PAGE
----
EU bill 'could hand UK ministers power to overrule Scottish Parliament'
The terms of the EU withdrawal bill currently being scrutinised by MPs could hand UK ministers the power to overrule decisions made by the Scottish Parliament, an independent report has warned.
Analysis by the non-party Scottish Parliamentary Information Centre (SPiCE) found the Westminster legislation would “allow UK Ministers, acting alone, to make provision in devolved policy areas."
The bill oversees how powers currently held by the EU - particularly in areas such as agriculture and fisheries - will be used once Brexit takes place.
Senior UK ministers were not keen to see a blanket return of everything that would nominally fall within Holyrood's remit, amid concerns it could interfere with the workings of the UK internal market.
The Scottish Government has repeatedly argued this amounts to an effective veto over devolved administrations, something they say not only defies the spirit, but the letter, of devolution laws.
But the UK Government has insisted that Holyrood stands to gain powers as a result of the country leaving the European Union, not lose them.
The SPiCE briefing paper, published yesterday, found: "The new powers conferred on Scottish ministers are also conferred on UK ministers to act alone or jointly with Scottish ministers.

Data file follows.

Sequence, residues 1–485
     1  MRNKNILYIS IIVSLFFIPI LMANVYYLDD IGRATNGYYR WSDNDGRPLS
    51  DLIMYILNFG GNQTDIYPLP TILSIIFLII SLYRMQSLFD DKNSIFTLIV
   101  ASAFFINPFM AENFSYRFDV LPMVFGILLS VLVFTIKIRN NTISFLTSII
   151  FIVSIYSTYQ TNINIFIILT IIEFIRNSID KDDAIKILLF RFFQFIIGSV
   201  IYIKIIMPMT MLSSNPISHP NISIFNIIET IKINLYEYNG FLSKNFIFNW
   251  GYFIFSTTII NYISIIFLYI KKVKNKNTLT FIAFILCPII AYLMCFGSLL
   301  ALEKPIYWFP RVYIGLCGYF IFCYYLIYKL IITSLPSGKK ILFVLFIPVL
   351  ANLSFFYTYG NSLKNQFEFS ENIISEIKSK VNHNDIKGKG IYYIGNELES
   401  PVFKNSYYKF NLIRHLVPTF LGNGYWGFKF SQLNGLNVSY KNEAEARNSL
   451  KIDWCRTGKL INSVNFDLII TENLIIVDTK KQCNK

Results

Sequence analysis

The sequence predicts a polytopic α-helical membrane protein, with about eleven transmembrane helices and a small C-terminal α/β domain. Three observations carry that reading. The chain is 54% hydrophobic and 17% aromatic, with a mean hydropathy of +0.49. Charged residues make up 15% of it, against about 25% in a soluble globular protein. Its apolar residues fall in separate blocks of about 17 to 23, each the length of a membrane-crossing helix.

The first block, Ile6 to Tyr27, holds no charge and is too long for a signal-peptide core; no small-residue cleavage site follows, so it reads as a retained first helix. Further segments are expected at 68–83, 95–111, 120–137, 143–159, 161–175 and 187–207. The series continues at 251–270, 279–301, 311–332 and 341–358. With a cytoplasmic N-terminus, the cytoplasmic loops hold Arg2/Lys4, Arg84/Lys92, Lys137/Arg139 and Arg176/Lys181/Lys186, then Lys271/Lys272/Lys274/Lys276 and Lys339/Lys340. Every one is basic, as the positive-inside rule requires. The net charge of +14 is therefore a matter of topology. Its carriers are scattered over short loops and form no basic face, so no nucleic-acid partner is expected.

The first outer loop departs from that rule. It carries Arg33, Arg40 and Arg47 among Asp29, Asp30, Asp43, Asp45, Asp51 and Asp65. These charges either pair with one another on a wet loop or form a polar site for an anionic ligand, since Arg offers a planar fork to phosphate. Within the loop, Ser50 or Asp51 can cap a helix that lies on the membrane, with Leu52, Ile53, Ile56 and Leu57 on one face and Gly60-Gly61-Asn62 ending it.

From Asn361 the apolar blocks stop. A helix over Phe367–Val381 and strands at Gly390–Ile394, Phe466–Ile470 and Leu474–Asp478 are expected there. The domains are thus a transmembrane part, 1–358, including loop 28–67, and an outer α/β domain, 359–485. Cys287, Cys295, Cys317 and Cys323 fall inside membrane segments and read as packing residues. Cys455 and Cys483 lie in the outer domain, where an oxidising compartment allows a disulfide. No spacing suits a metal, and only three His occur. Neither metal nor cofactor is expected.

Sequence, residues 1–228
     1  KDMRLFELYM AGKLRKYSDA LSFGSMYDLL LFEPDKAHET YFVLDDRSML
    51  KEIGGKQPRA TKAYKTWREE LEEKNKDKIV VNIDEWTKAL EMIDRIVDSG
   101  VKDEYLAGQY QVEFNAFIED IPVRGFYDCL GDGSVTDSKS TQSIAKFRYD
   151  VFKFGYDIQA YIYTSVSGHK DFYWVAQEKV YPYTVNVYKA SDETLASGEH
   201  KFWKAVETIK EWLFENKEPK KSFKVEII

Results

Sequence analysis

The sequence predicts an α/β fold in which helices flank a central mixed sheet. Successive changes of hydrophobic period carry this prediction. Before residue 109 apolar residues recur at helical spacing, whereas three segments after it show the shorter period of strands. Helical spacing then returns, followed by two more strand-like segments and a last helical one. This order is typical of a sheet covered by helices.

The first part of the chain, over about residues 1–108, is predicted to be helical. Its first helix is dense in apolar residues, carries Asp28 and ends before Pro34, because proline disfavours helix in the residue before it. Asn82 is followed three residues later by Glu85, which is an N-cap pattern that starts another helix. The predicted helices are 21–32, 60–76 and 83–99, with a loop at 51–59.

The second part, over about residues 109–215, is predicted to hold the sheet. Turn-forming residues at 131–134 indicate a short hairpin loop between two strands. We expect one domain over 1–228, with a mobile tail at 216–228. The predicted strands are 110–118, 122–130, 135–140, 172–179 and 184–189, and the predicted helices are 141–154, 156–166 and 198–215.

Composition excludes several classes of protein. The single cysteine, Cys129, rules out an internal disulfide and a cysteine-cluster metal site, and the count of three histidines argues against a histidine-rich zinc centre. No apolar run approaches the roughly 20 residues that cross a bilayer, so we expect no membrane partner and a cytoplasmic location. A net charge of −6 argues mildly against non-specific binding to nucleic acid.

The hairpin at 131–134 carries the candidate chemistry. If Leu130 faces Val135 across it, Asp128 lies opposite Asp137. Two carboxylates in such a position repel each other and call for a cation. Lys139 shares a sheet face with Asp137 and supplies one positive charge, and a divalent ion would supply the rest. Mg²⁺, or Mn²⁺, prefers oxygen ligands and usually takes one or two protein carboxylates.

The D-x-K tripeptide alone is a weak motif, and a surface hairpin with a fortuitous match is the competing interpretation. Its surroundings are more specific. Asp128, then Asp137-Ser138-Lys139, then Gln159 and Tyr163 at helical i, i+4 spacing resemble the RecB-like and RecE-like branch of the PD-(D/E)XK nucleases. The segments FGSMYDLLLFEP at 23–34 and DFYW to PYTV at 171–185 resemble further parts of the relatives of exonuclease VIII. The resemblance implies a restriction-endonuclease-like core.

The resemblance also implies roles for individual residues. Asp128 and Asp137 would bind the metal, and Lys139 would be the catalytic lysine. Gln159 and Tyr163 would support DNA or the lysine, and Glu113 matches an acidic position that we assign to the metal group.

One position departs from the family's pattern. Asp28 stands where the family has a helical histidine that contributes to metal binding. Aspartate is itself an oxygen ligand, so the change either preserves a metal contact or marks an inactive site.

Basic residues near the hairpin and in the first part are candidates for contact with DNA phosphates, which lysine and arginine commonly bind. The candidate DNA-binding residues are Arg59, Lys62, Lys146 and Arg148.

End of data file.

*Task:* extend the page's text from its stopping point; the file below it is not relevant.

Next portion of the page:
"As a result, the powers granted to UK ministers in the Withdrawal Agreement Bill extend to the whole of the UK and relate to both reserved and devolved matters. Consequently, the powers allow UK ministers, acting alone, to make provision in devolved policy areas."
Responding to the report, the SNP challenged the Scottish Tory leadership candidates to "stand against" a bill the party claimed was a "deeply undemocratic attack on the Scottish Parliament".
SNP MSP Tom Arthur said: "It's deeply troubling that Westminster has ploughed ahead with an undemocratic power grab - threatening Holyrood’s powers under the guise of Brexit.
“Far from taking powers back to Westminster, the clear view of the Scottish electorate is that more decisions should be made at Holyrood to create a fairer, more prosperous country.
"While the Tories think they can do what they want to Scotland, we must be clear that is not the case. This will be an early test in the Scottish Tory leadership battle – the candidates should stand up to their Westminster bosses, and tell Boris Johnson to keep his hands off the powers Holyrood has held for two decades."